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    ABSTRACT: To identify potential biomarkers for early preeclampsia (PE) with placental lesions consistent with maternal vascular underperfusion (MVU) using a novel proteomic approach. A longitudinal study included uncomplicated singleton pregnant women whose samples were collected between 24 and 42weeks (controls: n=50, total samples=199). Cases were women with early PE (delivered <34weeks) who had placental lesions consistent with MVU (n=44) and the samples were collected at the time of diagnosis. Proteomic profiles were analyzed using aptamer-based multiplexed proteomic technology which measured 1129 proteins. Log transformed and normalized protein concentrations in uncomplicated pregnancies were modeled using locally weighted linear quantile regression to establish the 10th and 90th percentiles of their distribution as a function of gestational age. Sensitivity for each protein in the identification of early PE with MVU at fixed 90% specificity was computed. Confidence intervals (CI) for sensitivity estimates were obtained by using a bootstrap procedure. (1) Twenty-five proteins had a sensitivity of at least 80% (at 90% specificity) for the identification of early PE with MVU; (2) four proteins (soluble tyrosine-protein kinase receptor-1, PlGF, and two newly-identified biomarkers had more than 90% sensitivity to identify such disorder; (3) each of these 4 proteins had at least 91% with 95% CI between 73% and 100% when confirmed by bootstrap; and (4) the median coefficient of variation (CV) for 1129 proteins was 6.07% (IQR=4.4-8.5%). Four proteins each had at least 90% sensitivity and specificity in the identification of patients with PE. The panel included two novel markers. Protein expression profiles in maternal plasma in normal pregnancy and early PE with MVU (red dots). (For interpretation of the references to color in this figure legend, the reader is referred to the web version of this article.) P. Chaemsaithong: None. R. Romero: None. A.L. Tarca: None. Z. Xu: None. A.I. Ahmed: None. S.S. Hassan: None. L. Yeo: None. T. Chaiworapongsa: None. Copyright © 2014.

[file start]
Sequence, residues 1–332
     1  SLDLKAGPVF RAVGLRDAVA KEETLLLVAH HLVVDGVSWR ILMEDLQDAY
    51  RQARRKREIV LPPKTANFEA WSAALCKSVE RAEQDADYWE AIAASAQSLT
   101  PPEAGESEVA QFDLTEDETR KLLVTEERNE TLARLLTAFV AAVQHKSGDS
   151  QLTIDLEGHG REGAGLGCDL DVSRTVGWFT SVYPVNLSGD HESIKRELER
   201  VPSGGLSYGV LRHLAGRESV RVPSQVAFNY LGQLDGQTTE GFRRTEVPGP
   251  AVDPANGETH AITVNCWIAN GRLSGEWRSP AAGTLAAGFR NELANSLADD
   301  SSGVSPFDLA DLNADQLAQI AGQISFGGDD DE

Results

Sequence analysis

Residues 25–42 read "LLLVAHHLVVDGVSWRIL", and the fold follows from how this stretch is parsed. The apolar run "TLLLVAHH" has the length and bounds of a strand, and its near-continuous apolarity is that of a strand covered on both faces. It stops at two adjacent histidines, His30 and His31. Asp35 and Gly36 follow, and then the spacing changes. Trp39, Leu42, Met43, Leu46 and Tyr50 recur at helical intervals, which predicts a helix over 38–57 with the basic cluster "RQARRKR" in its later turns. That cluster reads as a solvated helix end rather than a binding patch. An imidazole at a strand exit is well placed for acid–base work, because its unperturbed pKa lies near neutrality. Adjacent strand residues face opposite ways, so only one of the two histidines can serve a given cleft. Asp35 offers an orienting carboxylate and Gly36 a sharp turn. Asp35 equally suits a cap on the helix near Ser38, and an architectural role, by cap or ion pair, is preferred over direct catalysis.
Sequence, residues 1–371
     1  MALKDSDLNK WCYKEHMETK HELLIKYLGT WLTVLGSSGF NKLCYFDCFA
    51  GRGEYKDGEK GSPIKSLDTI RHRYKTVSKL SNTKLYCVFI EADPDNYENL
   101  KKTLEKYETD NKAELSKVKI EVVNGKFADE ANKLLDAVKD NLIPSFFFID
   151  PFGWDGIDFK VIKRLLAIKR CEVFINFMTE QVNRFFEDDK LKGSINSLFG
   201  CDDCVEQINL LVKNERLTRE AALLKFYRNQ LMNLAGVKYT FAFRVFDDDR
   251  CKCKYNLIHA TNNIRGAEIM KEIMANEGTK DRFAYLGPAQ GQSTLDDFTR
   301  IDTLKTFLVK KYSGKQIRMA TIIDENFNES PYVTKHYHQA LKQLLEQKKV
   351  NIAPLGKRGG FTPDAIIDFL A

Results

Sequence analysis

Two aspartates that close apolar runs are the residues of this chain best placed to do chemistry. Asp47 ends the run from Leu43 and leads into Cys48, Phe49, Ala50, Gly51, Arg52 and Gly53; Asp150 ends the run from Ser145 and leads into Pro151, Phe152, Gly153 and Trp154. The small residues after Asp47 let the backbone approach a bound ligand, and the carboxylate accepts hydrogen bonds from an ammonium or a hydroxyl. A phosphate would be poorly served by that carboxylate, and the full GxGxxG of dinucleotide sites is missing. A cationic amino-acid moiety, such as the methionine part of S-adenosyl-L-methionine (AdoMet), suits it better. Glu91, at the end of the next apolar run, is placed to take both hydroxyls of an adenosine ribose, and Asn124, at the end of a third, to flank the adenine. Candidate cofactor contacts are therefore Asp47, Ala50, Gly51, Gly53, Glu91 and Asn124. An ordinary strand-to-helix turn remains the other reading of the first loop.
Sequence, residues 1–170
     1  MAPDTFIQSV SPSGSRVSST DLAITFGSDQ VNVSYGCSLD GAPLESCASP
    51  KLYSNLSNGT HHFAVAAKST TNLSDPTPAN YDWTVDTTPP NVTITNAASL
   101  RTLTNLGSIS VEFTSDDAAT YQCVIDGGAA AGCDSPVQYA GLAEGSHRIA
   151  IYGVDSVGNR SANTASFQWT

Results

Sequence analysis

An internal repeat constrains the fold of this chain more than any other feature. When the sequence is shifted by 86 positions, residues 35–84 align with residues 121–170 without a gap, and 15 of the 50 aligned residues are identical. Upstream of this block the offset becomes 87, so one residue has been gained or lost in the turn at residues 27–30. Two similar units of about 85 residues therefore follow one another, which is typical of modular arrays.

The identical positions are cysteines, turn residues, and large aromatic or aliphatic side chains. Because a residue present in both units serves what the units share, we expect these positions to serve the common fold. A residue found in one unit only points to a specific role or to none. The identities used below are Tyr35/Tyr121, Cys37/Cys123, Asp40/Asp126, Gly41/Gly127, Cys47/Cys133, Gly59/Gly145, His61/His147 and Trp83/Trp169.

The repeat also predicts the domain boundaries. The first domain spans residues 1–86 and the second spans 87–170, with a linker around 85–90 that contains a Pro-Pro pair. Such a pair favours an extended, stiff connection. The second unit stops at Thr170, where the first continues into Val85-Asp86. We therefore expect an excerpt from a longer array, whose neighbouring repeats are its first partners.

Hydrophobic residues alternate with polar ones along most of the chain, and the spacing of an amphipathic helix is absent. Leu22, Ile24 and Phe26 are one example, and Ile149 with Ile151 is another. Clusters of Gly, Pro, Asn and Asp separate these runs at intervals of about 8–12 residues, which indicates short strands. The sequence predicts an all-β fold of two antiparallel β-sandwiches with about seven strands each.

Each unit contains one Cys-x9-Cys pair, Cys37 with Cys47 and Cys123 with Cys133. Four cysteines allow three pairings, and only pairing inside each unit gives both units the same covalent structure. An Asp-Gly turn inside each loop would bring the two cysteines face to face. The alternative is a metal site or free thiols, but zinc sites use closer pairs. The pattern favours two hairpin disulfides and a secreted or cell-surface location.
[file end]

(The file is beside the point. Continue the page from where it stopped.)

01/2015; 5(1):48-9. DOI:10.1016/j.preghy.2014.10.094